The Kickstarter campaign was my last ditch effort to fulfill my life long dream of a small plant nursery growing fuchsias and a few other favorite plants. If it had been successful, even with the tragic turn of events for Michael Breneman, I would have been able to finally focus my time on making cuttings and caring for them at a crucial time of year when it is still possible to make and grow cuttings without the support of a heated greenhouse.
But do to the fact that Gustavo Beyer of Alladin Nursery and Gift Shop's decision to disregard the verbal agreements between Michael and I (we have been friends for over 35 years going all the way back to the Antonelli Begonia Gardens where we both worked for many years) and then shut me out of the nursery when I did the unthinkable. I took an inventory of Michael's remaining plants after the retirement sale was supposed to have ended. It will not be possible for me to continue to try and restart my plant nursery.
I took an inventory for two reasons. The primary reason being that Michael had told me that Gustavo was considering purchasing his remaining inventory after the sale ended on the 17th of September. One of the reasons why Michael and I had not cemented our agreement was that until he knew how well the sale would go, he didn't know if he wanted to go with Gustavo's offer to purchase the remaining inventory. Michael felt it would be too much money for Gustavo to have to pay all at once. So Michael was thinking that I would instead get a percentage of his percentage as I took care of his plants and helped sell them as time went along.
In order for Gustavo to have any idea of how much the remaining inventory was worth, it had to be counted. In in order for the count to be fair, I first took the time to go through the entire greenhouse, cleaning it as I went and documenting this in Kickstarter updates to my campaign, and threw away all of the dead plants and emptied out all of the 2" and 4" pots which had no live plants in them. In all, I emptied over 1200 2" bands and stacked them in their flats by the back wall.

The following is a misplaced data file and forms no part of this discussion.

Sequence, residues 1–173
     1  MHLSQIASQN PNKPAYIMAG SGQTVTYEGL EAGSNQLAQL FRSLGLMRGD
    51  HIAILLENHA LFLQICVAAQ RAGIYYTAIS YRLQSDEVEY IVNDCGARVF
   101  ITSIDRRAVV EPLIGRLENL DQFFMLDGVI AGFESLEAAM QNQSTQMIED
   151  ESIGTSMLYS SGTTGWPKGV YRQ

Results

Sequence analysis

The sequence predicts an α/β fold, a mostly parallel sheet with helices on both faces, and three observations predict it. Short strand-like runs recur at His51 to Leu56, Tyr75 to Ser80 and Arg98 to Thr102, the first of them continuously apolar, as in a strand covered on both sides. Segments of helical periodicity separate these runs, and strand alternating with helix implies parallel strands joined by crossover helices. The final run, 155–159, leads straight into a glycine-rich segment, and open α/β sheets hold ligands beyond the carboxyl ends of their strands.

When Gustavo, Michael's life partner (who had a right to know the value of Michael's remaining inventory), and I had dinner after a meeting with Michael's doctors, I brought out the sheet with the tally of the inventory. And I brought a sheet detailing all of the work I had done since the 15th of September. I didn't even include the month of work I put in prior to Michael's original official retirement date. Which tragically also turned out to be the day he had a massive heart attack.
Gustavo was not at all happy that I had taken and inventory and he was especially upset that I would share this information with Michael's partner. He declared that I was to get out of the greenhouse immediately and that he was only going to pay me $500 for my work. But after I had removed all but the plants Michael had agreed to give me in return for his continued use of 100 square feet of the greenhouse for as long as he needed it, Gustavo declared that he wasn't going to pay me a dime and that I could not have any of my plants. The last thing in the world he wanted in that greenhouse was someone who could count and keep records.
Only Gustavo knows what has become of all the plants in Michael's extensive collection that he had packed into the 100 square foot area and the others he had intended to take home. And only Gustavo knows what has become of Michael's entire inventory. Because Michael has yet to receive payment for any of the sales made from the first of September and on to now.
This was a financial blow I was not in a position to endure and therefore have been working several jobs since. One full time. Which means that there is not only no time to make cuttings, there is no time to care for them if I did. I barely have time to keep the stock plants alive.
That was it. After six years of trying to recover from moving the nursery and having it freeze and then mowed down by deer, having to dig it all back up and build a deer proof enclosure, and meanwhile work many jobs, I give up. It just makes me to sad to even water the fuchsias now. And the jobs I have do not make anywhere near what I need to be making.
When I started the Kickstarter campaign, I was so full of hope! I didn't ask anyone I knew to make a pledge, I just asked them to please share the links, leave a comment, read the updates, etc. Because Kickstarter watches the traffic a campaign is getting, very closely. They even count how many times the video is watched and how many times it is watched to the end.
Campaigns that capture a lot of interest, are almost always chosen as one of their "Projects We Love." And if a campaign is tagged as a Project We Love, it is almost always a guaranteed success. Some of them obtain ten times the amount of funding requested.
But only a couple people could be bothered to share, some shared the wrong page, and only one person could be bothered to leave a comment.
So it failed. Thanks, thanks so much.
Yes, I am a bit angry about it all. The jobs I have are not sit down jobs, they are not good jobs. They are what I could find on short notice. Time has run out.